Doctor Spotlight: Dr. Iris Radler

in Physician Profiles

After experiencing minus-45 degree cold in Wisconsin, and searing 122-degree heat in Phoenix, Dr. Iris Radler is looking forward to starting her OB/GYN practice in the more temperate climate of Lompoc.

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After experiencing minus-45 degree cold in Wisconsin, and searing 122-degree heat in Phoenix, Dr. Iris Radler is looking forward to starting her OB/GYN practice in the more temperate climate of Lompoc.

A native of Sacramento, she earned her undergraduate degree at Westmont College in Santa Barbara-- so she’s used to the Central Coast.

“It’s great to practice in my home state,” said Dr. Radler. “I’m closer to family and friends. I’ve always wanted to come back; I just never knew when and where. This opened up as an opportunity here at Lompoc Valley. It was a great fit from the start.”

Dr. Radler will join OB/GYN’s Dr. Rod Huss and Dr. Lloyd Trujillo at LVMC: Physician Services. She recently completed her OB/GYN residency at Maricopa Medical Center and St. Joseph Hospital in Phoenix, after earning her medical degree at the Medical College of Wisconsin. Her husband, Dr. David Radler, is an emergency medicine physician in Santa Maria.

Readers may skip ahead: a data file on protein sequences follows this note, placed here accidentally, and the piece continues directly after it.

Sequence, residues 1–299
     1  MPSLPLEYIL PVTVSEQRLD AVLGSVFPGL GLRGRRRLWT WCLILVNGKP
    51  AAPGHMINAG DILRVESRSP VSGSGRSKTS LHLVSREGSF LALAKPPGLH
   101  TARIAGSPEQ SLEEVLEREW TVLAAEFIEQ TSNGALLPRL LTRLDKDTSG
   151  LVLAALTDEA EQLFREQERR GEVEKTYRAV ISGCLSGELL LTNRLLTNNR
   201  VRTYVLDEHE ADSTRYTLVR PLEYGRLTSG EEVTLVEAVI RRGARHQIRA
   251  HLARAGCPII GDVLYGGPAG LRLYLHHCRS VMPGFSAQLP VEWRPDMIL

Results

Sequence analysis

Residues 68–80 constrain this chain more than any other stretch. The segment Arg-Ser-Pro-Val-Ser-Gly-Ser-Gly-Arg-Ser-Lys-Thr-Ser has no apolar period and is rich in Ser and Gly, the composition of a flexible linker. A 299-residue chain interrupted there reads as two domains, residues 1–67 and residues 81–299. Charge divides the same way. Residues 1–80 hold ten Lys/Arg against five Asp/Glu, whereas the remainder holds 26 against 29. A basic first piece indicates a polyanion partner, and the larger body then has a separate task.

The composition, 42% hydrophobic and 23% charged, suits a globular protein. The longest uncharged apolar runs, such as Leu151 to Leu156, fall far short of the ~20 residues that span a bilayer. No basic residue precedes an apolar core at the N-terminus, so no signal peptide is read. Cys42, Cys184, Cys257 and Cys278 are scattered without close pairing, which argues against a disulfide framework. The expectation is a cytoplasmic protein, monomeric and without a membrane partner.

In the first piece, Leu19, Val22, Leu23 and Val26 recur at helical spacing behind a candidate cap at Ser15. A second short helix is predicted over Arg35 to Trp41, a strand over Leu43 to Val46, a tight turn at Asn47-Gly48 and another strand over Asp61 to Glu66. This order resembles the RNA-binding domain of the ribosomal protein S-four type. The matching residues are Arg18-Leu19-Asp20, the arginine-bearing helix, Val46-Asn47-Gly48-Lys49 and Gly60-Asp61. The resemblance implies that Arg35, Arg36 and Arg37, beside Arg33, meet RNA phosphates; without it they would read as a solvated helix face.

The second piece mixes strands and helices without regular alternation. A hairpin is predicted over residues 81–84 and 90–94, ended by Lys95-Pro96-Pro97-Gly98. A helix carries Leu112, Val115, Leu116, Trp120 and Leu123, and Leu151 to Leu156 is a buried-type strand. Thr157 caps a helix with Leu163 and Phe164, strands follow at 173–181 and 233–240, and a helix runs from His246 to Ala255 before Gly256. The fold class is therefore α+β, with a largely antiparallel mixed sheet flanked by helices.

Dr. Radler decided she’d like to be a surgeon, but she didn’t know what discipline would suit her best.

“I never thought about OB/GYN, until I did it as my third-year rotation in medical school and loved it,” she admits.

During that rotation, she also delivered her first baby and participated in gynecological surgeries.

“I thought, ‘This is a field I want to pursue,’” she says. “It combines so much of what I love … You carry them through life – from younger adolescence all the way through menopause. I thought to treat them through their whole life-phase was very interesting.”

She also enjoys the variety of her field, knowing there are inpatient and outpatient work. The interaction with patients is what she likes best in medicine. She finds satisfaction in being able to see patients improve if they’ve been ill, and loves when new mothers show off photos of the babies that she’s delivered.

“It’s really about relating to people,” Dr. Radler explains. “Being a woman, they tell you stories about their day that you can understand. It’s just being able to help them through some of their best days – delivering a baby – to even some of their worst days. It’s a great field, and I’m excited to be here.”